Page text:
Margot Mel Manhattan Beach Middle School Rebecca Allen A Delicate Balance Mars has intrigued curious men

and women for thousands of years. Fueled by a fascination of what may lie beyond Earth’s atmosphere, scientists have not ceased in their quest to better understand “The Red Planet”. As science writer Charles Choi explains: A human voyage to Mars remains a holy grail for NASA. The urge to get a human on Mars is driven by its potential to contain a life form. The resemblance to our own planet is striking. The similar axes, polar caps, atmospheric chemistries and the amount of land surface areas are all reasons why we look to Mars in search of life. Despite intense research, what we know is merely a drop of water in the ocean that is our universe. In recent years, robots have widened our understanding of Mars. Humans and robots have been working together relentlessly to advance our knowledge of the final frontier, but these efforts have been limited by the fact that to date, no human has set foot on Mars. I believe that having a human present on a mission would drastically increase the output of information on an expedition to Mars. While working with robots, the optimal situation would be a balance between what the humans and robots do. Humans could retrieve data and robots analyze it, or robots could be used to keep humans safe instead of the other way around in order to enhance our understanding of what lies in the ocean of emptiness. Since there are clear pros and cons between man and machine, it is crucial that a balance is achieved for idyllic investigation of our neighboring planet. The current use of rovers to retrieve data is limited and extremely expensive. However, if a human collected data and it was then sent to robots to be dissected and

analyzed, more time could be spent extracting information from samples than with the acquisition. This would already be a monumental step forward because when worlds away, a small technical glitch can cost billions of dollars. For example, if the robot gets stuck in a hole with little traction, the scientists back at NASA are as stuck as the rover is. Furthermore, because the rovers are solar paneled, when winter comes, or the solar panel gets covered with sand, the rover is rendered useless . A specific occurrence of this predicament was when the rover Spirit became stuck in iron sulfate, which has very little traction. For months, NASA’s efforts in liberating the rover proved to be fruitless. Doug McCuistion, NASA’s director of Mars Exploration , revealed “Spirit is stuck in a golfer’s worst nightmare, stuck in a sand trap that no matter how many strokes you take, you can’t get out of”. The lack of wind to dust off the solar panel turned out to be another detriment to the Spirit mission. Lastly, the rover can only move of 300 ft/hr. A human would be able to move more safely, and significantly faster. Although these problems seem trivial, one unfortunate mishap could send a multi-billion dollar investment spiraling down the drain and while excruciatingly slow robots may be our sole source of substantial information about Mars, they hold some advantages over sending a human. There are two sides to every argument, including whether or not sending a human to Mars would in fact, be the best option. Robots, unlike humans, are expendable. Sending a human being to Mars would be dangerous. Scientists have shown that space radiation can cause cancer, cataract formation, or even death. Also, sending people would be a vastly more expensive operation than sending a robot. According to NASA, the trip to Mars would take approximately 6 months, and the team of astronauts would have to stay for 18-20 months until the planets re-aligned correctly for another 6-month return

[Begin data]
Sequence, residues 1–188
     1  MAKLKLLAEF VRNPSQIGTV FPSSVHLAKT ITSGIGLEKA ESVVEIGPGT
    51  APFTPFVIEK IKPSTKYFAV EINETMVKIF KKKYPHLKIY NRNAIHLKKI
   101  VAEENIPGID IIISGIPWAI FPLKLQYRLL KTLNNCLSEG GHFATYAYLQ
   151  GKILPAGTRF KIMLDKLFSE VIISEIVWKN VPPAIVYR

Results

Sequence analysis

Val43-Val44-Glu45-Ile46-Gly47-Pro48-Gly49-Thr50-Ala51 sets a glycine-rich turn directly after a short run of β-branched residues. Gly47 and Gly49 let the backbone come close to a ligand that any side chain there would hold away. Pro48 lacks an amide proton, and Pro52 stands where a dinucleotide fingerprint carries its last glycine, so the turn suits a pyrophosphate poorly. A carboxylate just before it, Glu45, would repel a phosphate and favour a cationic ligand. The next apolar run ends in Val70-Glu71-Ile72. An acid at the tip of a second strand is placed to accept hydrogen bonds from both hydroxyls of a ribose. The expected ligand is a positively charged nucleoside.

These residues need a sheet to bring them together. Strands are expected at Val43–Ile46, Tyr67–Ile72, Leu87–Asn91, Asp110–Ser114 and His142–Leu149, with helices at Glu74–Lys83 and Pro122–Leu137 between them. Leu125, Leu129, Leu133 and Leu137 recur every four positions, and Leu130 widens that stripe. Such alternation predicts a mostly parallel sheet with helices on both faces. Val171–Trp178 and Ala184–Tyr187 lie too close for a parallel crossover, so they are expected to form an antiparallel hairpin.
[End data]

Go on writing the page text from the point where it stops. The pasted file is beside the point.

trip. In fact, the food alone, would weigh about 880 pounds per person. Because it would be inefficient to tote along that massive supply of provisions, plans have been made to construct a hydroponic growth lab. Food would then have to be grown on the surface of Mars, which would be a costly production. In conclusion, the current level of technology and budget that is available, is inadequate for sending a human 35 million miles away in a confined vessel for 2 ½ years. Because of the various advantages and disadvantages represented by humans and robots, the best solution is finding a balance between what tasks humans and robots accomplish. Currently, people maintain and control robots, however, I think it would be advantageous for humans to gather the samples because they could do it more quickly and efficiently. I believe a successful balance could be achieved if human's and robot's roles were reversed. In this situation, robots could work to maintain the safety of the astronauts. The robots could regulate the astronaut’s temperature from a remote location, analyze the different rocks and air samples, and send status updates back to NASA headquarters. If this system were implemented one day, it could lead to a more competent understanding of the planet Mars. Through the years, the relationship between man and machine has become stronger and exponentially more important. Not only do we rely on computers to provide us with information about outer space, but also we depend on them for our everyday transactions. People depend heavily on their cell-phones , iPads, and laptops, in fact, studies have shown that more people have cell phones than indoor plumbing! Thanks to constant advancements in the world of science, there is a balance of human interaction and technological communication. Synergy is crucial to receive an ideal situation for

extraterrestrial exploration because too much focus on the technology, and humans become the simple machines that revolve their lives around the robots. I believe that humans and robots are working well together to explore Mars, but improvements can always be made in this quickly changing world.

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